Saturday, January 24, 2009

A Great Investment for America

President Obama wants to get the economy rolling by investing billions in the nation’s infrastructure. Here’s an idea for an investment that will pay off in a big way.
by Charlie Leck

I’ve got some good advice for our new President – for the fellow who wants to rebuild the nation – for the fellow who said he wants to get the economy rolling again by investing billions of dollars in our nation’s infrastructure.

One of the things I love about visiting Europe is its trains. Wow! They’re really wonderful. A few years ago, while visiting France, I needed to travel from Paris to Lyon. That’s a trip of approximately 310 miles. I boarded a trained right within the city of Paris and I was in Lyon less than 2 hours later. That’s an average speed of 155 MPH. Wow! I sat in splendid comfort. A steward came by with coffee and a croissant. I had a good book with me.

Bill Moses, a scientist at the Lawrence Berkeley Lab in California, wrote on-line about his experience with French high speed train (TGV) from Paris to Lyon (click here to read).

“I can’t say enough good things about the TGV in general. Although the raw speed lies between that of a car and an airplane, it tends to be significantly faster than air travel because 1) you start and end in the middle of the town instead of at an airport 30 minutes outside of the town and 2) boarding (and disembarking) is so fast that you can arrive at the station without a ticket 5 minutes before the departure time and still have the train depart (on time) with you on it. I don’t necessarily recommend this, but from personal experience I can vouch that it can be done!”
In 2001, I did the same thing in Japan. I took a train out of Kyoto on approximately a 300 mile trip and arrived in approximately an hour and a quarter later – whoosh! It was a totally restful and relaxing trip.

You know where I’m going with this. It’s too late for me, but America needs this option for travel around our nation. We need seamless, smooth tracks, capable of handling high speed trains that travel at speeds greater than 200 MPH and connect virtually every major city in the nation. What a comfort it would be to travel that way.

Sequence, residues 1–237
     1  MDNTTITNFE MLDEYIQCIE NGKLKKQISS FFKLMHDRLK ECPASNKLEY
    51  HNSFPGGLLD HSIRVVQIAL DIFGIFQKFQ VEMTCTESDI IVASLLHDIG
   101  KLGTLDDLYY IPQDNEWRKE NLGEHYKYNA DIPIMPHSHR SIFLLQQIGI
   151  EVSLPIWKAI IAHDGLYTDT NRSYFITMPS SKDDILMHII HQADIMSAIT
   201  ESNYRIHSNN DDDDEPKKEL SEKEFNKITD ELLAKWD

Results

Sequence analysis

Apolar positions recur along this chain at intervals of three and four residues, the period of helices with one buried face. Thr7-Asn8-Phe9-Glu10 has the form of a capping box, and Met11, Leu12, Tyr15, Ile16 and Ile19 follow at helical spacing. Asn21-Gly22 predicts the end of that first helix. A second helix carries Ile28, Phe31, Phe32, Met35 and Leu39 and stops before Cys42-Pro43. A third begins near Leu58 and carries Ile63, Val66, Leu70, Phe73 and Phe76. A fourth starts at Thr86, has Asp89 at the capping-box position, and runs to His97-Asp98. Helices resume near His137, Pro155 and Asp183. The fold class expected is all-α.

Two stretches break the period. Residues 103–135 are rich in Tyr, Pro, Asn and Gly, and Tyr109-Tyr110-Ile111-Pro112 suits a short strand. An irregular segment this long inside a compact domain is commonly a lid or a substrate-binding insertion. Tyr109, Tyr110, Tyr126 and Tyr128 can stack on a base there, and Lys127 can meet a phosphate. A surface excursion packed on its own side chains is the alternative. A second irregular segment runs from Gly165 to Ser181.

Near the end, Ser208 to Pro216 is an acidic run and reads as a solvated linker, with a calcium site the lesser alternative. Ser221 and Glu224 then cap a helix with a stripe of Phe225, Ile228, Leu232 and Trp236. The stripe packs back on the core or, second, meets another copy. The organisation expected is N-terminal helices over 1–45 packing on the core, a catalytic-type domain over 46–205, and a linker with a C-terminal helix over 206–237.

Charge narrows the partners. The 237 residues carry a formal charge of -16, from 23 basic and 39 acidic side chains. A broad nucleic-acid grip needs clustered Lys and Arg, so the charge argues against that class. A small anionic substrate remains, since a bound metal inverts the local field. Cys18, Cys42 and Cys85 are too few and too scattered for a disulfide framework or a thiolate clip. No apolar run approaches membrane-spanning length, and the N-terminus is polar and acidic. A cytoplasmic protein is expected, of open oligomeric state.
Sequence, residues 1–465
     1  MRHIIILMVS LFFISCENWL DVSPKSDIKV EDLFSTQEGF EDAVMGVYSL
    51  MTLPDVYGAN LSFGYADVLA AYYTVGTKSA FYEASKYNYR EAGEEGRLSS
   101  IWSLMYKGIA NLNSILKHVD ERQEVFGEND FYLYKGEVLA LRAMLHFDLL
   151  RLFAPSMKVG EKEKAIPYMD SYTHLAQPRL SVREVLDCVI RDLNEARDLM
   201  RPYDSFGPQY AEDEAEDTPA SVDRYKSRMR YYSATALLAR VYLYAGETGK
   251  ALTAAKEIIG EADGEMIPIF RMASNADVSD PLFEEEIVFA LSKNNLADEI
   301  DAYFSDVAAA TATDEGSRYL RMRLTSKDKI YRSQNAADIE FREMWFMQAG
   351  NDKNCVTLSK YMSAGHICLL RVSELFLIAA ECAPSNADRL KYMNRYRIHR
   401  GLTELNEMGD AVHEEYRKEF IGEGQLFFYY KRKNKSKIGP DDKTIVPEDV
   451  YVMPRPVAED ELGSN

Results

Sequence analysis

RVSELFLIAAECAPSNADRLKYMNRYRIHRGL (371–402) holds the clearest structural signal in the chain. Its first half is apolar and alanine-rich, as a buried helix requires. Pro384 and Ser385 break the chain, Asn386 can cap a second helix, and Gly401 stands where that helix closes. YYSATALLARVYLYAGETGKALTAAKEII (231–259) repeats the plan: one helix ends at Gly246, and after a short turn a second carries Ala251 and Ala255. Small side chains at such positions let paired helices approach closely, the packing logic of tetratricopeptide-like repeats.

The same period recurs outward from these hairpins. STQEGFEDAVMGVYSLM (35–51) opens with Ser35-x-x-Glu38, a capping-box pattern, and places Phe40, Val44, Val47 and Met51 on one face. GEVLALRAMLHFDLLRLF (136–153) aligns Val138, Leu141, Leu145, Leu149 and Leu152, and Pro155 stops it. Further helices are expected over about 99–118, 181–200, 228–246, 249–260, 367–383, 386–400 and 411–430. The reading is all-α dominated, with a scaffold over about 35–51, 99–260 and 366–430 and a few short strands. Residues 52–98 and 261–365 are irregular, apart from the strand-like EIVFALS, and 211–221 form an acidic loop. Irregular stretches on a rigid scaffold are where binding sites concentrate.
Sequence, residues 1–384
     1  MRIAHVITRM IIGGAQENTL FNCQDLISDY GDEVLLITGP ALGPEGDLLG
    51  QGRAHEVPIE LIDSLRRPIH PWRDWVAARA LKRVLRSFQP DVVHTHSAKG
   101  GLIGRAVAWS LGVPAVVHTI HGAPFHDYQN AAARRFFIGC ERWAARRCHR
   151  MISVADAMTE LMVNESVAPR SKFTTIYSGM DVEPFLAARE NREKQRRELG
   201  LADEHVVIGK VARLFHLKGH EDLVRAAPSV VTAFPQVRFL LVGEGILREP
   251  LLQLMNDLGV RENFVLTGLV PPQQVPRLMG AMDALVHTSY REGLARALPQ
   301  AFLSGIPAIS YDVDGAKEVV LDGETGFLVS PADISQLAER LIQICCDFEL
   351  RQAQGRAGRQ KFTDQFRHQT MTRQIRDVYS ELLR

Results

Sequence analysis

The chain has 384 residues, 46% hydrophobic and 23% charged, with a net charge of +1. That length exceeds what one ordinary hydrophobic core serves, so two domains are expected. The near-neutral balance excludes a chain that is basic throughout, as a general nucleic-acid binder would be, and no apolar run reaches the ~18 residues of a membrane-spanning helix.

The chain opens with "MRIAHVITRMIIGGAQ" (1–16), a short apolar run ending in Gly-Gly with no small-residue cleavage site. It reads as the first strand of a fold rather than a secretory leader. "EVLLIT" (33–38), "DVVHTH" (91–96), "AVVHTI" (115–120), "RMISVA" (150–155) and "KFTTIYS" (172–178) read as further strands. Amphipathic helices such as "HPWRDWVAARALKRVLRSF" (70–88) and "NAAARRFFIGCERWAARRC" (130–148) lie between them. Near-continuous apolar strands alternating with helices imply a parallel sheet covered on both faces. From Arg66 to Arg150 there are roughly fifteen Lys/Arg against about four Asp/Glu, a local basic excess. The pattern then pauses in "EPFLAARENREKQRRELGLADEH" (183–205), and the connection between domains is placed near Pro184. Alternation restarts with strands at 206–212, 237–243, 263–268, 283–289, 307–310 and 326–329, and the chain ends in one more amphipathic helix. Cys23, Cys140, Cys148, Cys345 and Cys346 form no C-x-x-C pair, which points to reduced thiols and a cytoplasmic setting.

Imagine! I could get on a train here in Minneapolis for a trip to Denver, 900 miles away. I'd been in downtown Denver in less than 5 hours later, having made stops in Des Moines and Omaha on the way. Frankly, that's faster than I could make it by air and I'd be able to sit in comfort all the way and, probably, for much less money. A side benefit is that it would take pressure off the airports in both these cities -- two of the busiest of all U.S. airports.

Or, I could board a train in Minneapolis and travel to Atlanta (a bit more than 1200 miles). I could make the trip in approximately 7 hours from downtown to downtown with 6 or 7 stops along the way in Milwaukee, Chicago, Indianapolis, Louisville and Chattanooga. The cars would be sleek and comfortable. Steward service would be available. There’s plenty of leg room and comfortable, reclining chairs.

Build it, President Obama, and they will come. It would be a thrill to start catching up with the other civilized nations of the world.

Imagine traveling from New York City to San Francisco on a high speed, comfortable train. 3120 miles in just about 15 hours. As it is now, by the time you get out to the airport, get through security, board and then go through it again at the arriving end, air travel would take about 8 or 9 hours. And, you wouldn’t be treated like branded cattle on a high speed train.

[Read what David Houle had to say about the future of high speed trains in America – that they “must, and will become an essential component of the U.S. transportation system during the next 20 years.”]

1 comment:

  1. I'll go with you. I love letting someone else do the "driving" when I'm traveling in a manner that allows me to absorb the countryside. I told someone this weekend I was thinking about taking the Megabus to Chicago one weekend and he couldn't understand why I would sit on a bus for 7 hours. There are not a lot of things I do where the only choice is to relax.